First, you should understand that “scanning” is not some sort of magic process that will save you time and effort over learning to do simple CAD. 3D scanning is not like scanning or copying a document and then just printing a copy of that. 3D scanning is a process that requires not only the hardware, but also the software and skills to use both. I’m sorry to say, but “scanning” is just no shortcut to creating 3D printable object files. Can such objects be created using 3D scanning? Yes. However, this is no path for the beginner to 3D printing.
If you want to get started in 3D printing to support your fine scale modeling, you are much, much better off starting with learning to do simple CAD and then converting those CAD into 3D printable stereolithographic files (.stl files).
I highly recommend that you start your self-study efforts with TinkerCad and, if you find that you’re still enthused enough to get deeper into CAD, you move on to Fusion360.
Here’s the link to TinkerCad:
Here’s the link to Fusion 360 - Personal Use Account:
Autodesk::Fusion 360:: Personal Use Account
Both software packages are products of Autodesk and learning TinkerCad will help in understanding the fundamental way that Fusion 360 works. Both also have very good self-paced tutorials.
I do a lot of simple 3D design and printing to supplement my own modeling. From small models, to parts, to fixtures, forms and other one-off tools and aids. I use my 3D printer a lot. The essential skill that you need to acquire and develop is how to design your own objects. The actual printing is simple. The skill and effort are in the design part of the process, and for learning this, TinkerCad followed by Fusion 360 is the most straightforward path that I know of for an absolute beginner.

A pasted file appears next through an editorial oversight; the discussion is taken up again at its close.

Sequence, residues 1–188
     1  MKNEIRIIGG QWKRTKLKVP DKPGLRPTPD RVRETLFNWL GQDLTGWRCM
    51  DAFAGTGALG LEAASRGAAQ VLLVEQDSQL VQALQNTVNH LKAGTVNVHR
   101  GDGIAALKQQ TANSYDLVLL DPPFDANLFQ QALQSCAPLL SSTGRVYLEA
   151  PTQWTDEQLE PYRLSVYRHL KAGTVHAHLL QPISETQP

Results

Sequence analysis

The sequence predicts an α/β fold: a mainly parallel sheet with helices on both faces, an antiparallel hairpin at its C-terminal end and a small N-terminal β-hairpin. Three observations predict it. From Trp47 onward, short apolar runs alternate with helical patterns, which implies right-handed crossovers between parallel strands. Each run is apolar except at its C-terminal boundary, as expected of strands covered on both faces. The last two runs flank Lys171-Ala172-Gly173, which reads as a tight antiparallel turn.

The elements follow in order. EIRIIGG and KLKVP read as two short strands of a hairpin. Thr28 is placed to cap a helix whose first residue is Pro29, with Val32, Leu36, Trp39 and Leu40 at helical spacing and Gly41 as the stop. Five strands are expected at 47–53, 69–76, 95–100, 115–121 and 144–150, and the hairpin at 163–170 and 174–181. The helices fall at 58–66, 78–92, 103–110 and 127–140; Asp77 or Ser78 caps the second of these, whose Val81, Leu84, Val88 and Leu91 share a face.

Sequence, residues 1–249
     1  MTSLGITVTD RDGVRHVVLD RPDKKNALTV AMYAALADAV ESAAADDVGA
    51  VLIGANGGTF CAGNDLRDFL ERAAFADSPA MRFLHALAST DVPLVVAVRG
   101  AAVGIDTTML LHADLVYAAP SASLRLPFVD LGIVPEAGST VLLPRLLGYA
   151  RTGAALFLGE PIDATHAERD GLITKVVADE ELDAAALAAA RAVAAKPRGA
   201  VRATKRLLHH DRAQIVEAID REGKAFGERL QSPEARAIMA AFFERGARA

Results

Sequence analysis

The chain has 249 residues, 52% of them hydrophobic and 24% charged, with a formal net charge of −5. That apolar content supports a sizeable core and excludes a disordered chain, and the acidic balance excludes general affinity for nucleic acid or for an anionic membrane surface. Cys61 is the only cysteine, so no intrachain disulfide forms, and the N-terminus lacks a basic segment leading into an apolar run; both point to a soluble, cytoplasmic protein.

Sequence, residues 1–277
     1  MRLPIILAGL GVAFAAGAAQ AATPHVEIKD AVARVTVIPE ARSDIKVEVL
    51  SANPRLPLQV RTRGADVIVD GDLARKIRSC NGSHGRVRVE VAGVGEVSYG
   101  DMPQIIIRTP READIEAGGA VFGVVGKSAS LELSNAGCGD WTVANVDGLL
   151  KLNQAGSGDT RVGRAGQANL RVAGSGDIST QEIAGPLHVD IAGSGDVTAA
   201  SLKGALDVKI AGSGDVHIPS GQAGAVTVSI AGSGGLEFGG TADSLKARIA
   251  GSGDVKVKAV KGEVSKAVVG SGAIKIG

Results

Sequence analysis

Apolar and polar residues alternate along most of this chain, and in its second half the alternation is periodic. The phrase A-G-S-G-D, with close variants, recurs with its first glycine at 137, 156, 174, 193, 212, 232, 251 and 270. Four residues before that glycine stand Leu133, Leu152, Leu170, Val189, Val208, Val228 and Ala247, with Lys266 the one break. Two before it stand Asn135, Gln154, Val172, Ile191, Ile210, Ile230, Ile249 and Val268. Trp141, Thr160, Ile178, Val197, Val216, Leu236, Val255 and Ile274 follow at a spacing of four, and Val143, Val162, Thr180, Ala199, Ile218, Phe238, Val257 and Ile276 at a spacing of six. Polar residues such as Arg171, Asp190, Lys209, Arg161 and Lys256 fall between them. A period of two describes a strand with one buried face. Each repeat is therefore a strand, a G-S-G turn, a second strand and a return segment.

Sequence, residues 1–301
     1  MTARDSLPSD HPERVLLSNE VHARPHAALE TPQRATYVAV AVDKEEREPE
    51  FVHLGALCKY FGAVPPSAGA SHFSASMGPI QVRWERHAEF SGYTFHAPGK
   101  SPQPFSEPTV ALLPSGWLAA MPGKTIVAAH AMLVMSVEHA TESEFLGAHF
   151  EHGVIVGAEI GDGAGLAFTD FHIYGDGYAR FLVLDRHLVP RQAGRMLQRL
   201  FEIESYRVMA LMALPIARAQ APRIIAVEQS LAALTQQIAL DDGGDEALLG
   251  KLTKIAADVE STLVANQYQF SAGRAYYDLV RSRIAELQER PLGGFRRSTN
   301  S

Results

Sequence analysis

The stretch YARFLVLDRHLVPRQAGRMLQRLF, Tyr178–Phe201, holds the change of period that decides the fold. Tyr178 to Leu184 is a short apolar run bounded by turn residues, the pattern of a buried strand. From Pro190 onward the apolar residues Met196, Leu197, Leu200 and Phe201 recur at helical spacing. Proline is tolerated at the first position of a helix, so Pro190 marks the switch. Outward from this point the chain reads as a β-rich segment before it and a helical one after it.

Here are a few examples of some 3D models that I’ve designed using nothing but TinkerCad and printed on my desktop Anycubic Photon, MSLA printer:
1/35 scale M450 dozer chassis and suspension (to include link-to-link tracks).
Renders of the components of a 1/72 scale Vietnam era field refueling station.
The same designs rescaled to 1/35, printed and painted.
1/35 scale AN/PRD-1 Vietnam era portable radio direction finder unit.
I could keep posting up more. Again, all of these designs were done using TinkerCad which only takes about an hour or so to complete the tutorial for. After that, there are quite literally dozens of YouTube videos that have been posted up showing how to use TC to create different objects that might seem to defy its capabilities. Once you’ve mastered TC, the transition to Fusion 360 can take your design work to a whole higher level.
There are many other options and excellent CAD software packages out there, and for someone determined to learn a CAD program or who already has some background and knowledge in computer aided graphic design, one of these other CAD programs might be a better choice. But if you’re going to learn on your own… TC and F360 are the way I’d recommend.